French hard-left political based, activists and local politicians, are unhappy with July 7 election results and blame the party and its national leaders for the defeat. EPA-EFE/CHRISTOPHE PETIT TESSON

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National Rally base blames leaders for election defeat


Local members of the hard-right National Rally are unhappy with the party’s July 7 election results, with the grassroots reportedly blaming its national leaders for the defeat.

Speaking to news outlet Le Monde and referring to the party’s controversial candidates, RN MP Bruno Bilde said: “We can’t go on like this. We need to reassure. We’ve had some extremely divisive, and sometimes even worrying, profiles.

“The management is going to have to get to grips with this problem right away, which has parasitized the entire campaign, and especially the period between the two rounds.”

During the campaign, it was revealed that the RN chose candidates deemed unfit to run and controversial individuals who had made outrageous comments.

Following the defeat on July 7, Gille Penelle general manager of the RN and architect of its failed “Matignon Plan” for snap elections resigned from the party.

Although the RN refused to link Pennelle’s departure to the poor electoral result, he was in charge of finding and recruiting 577 candidates for the ballot.

According to MEP Philippe Olivier, the executive member of the party, it was “planned” for Penelle to leave after he was elected an MEP in June.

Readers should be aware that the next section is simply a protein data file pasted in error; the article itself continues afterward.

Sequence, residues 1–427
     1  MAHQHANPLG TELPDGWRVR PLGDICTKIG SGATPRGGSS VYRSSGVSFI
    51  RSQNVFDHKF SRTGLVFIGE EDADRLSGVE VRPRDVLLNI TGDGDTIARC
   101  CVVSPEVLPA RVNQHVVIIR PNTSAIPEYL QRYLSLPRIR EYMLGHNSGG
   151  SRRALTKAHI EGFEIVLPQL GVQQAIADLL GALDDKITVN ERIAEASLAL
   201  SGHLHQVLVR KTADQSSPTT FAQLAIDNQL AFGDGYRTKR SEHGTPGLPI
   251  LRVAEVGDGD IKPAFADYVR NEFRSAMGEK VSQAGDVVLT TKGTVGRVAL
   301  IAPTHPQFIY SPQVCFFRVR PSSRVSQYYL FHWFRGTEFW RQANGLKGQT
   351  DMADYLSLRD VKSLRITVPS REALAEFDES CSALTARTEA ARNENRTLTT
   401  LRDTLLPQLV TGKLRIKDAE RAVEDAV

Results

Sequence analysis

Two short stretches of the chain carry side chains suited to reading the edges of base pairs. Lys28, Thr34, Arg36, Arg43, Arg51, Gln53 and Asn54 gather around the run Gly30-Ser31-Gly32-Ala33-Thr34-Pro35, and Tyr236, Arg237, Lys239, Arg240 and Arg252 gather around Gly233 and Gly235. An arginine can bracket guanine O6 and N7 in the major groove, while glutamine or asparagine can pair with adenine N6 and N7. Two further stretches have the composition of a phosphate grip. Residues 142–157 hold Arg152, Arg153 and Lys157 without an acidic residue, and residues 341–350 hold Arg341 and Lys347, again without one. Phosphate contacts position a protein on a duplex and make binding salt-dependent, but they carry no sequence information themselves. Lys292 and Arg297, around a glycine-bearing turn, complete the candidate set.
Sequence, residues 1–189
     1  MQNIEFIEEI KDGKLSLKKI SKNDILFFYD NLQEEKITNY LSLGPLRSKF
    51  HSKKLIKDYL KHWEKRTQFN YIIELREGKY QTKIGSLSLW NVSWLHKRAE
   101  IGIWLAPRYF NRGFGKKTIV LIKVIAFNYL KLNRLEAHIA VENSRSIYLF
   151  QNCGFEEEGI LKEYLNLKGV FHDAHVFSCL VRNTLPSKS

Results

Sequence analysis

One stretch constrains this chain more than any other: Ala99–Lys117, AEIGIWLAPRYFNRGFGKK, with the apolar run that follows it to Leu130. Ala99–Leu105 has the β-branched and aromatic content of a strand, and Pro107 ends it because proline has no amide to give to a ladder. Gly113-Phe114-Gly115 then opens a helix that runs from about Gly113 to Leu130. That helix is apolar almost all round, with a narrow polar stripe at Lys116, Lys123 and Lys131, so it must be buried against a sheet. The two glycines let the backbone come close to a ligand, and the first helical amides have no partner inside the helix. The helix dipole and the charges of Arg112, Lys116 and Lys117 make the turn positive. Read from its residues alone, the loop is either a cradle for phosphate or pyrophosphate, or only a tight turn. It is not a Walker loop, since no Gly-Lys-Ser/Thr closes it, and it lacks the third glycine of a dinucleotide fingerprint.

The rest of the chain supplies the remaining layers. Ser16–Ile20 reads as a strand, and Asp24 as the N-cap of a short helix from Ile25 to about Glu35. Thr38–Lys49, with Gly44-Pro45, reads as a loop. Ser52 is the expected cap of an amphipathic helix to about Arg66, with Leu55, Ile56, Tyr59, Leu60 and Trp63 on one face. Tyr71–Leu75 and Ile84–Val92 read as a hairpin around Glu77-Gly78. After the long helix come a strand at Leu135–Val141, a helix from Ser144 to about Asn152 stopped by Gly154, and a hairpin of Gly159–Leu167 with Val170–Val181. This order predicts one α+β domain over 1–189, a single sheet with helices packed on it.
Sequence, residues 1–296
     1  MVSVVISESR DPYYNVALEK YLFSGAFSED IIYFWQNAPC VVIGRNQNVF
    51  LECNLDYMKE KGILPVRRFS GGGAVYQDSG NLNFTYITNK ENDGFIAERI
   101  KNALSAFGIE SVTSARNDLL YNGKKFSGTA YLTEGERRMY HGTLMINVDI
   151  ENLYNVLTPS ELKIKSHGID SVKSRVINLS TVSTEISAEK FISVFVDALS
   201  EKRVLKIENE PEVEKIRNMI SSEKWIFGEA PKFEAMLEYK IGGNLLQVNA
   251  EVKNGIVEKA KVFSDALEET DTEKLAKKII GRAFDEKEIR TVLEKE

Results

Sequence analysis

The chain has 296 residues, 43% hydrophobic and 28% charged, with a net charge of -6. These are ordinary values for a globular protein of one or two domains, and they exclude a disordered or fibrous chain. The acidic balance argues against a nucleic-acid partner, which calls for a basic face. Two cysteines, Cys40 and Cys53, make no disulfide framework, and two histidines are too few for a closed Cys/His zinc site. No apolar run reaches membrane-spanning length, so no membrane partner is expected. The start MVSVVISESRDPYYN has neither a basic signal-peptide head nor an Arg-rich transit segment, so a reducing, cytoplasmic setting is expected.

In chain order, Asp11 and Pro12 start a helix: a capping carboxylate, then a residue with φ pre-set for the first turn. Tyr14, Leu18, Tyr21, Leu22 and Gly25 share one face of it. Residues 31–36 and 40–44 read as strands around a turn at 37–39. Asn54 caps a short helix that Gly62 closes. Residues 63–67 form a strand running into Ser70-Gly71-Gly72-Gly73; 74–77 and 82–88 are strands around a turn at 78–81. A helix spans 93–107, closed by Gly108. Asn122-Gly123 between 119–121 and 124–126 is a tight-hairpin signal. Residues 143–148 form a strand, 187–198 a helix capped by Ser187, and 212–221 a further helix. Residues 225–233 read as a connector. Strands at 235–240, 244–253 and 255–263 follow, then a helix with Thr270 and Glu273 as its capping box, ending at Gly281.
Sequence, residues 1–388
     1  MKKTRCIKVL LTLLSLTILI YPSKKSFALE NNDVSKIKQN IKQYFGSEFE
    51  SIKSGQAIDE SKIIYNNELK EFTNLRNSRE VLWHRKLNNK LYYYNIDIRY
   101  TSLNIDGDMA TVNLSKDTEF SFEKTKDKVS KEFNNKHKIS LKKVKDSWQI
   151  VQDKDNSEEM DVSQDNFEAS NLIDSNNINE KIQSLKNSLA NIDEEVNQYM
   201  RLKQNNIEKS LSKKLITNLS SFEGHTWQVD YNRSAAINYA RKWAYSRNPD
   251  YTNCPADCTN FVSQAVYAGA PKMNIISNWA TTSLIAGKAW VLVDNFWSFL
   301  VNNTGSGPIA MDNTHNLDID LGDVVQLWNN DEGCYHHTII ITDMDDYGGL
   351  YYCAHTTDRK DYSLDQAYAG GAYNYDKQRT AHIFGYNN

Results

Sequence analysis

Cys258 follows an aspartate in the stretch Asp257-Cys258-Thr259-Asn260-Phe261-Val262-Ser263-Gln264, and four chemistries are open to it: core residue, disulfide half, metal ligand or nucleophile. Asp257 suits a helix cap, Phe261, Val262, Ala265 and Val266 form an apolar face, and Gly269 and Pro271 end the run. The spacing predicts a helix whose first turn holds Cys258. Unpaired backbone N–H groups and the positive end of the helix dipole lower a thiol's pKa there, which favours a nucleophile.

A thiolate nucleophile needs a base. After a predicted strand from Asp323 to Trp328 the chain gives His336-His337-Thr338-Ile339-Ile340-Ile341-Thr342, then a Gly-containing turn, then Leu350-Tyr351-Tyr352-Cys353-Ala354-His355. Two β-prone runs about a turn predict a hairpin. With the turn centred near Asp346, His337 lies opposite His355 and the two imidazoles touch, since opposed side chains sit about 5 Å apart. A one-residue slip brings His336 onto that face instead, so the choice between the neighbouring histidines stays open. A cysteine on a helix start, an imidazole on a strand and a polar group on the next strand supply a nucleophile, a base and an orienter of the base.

Nevertheless, the candidacy process put a dent into the RN campaign and may have contributed to its defeat, many felt.

That was not the only issue. Jordan Bardella, the President of RN had controversially said on June 24 that bi-national French citizens would be excluded from “key government jobs” if the party were to win the upcoming snap general election. That caused considerable criticism from other parties.

Louis Aliot, vice-president of the party and mayor of South-West city Perpignan urged the party to change its ways.

“We can win, as I did in Perpignan, but it requires effort on our part. We’ll have to examine our consciences,” he said on July 8.

Bardella said he recognised errors had happened

“Mistakes are always made, and I’ve made them. I accept my share of responsibility both for the victory in the European elections and for yesterday’s defeat,” he said on July 9.

With that, Bardella appeared to be trying to redeem his leadership, echoing RN de facto leader Marine Le Pen’s public stance on July 8.

“The progress made in two years is incredible and makes our short-term victory inevitable. It also invites us to take stock of what can undoubtedly be improved in the future,” she said on X.

RN leaders had hoped to curb discontent by presenting a positive outlook regarding the results, acknowledging the party’s consistent progression since 2017.

The party went from getting 88 MPs elected in 2022 to 143, with RN and its allies garnering more than 10 million votes in the second round of the French elections.

“The tide is rising. It didn’t rise high enough this time, but it’s still rising, and as a result, our victory is only deferred,” Le Pen said on the evening of July 7.

She, Bardella and the RN’s top executives were due to meet on July 8 to analyze the results of the legislative elections, in which the party came third.

The internal challenges came amid ongoing suspicions of alleged illegal financing of its presidential campaign in 2022.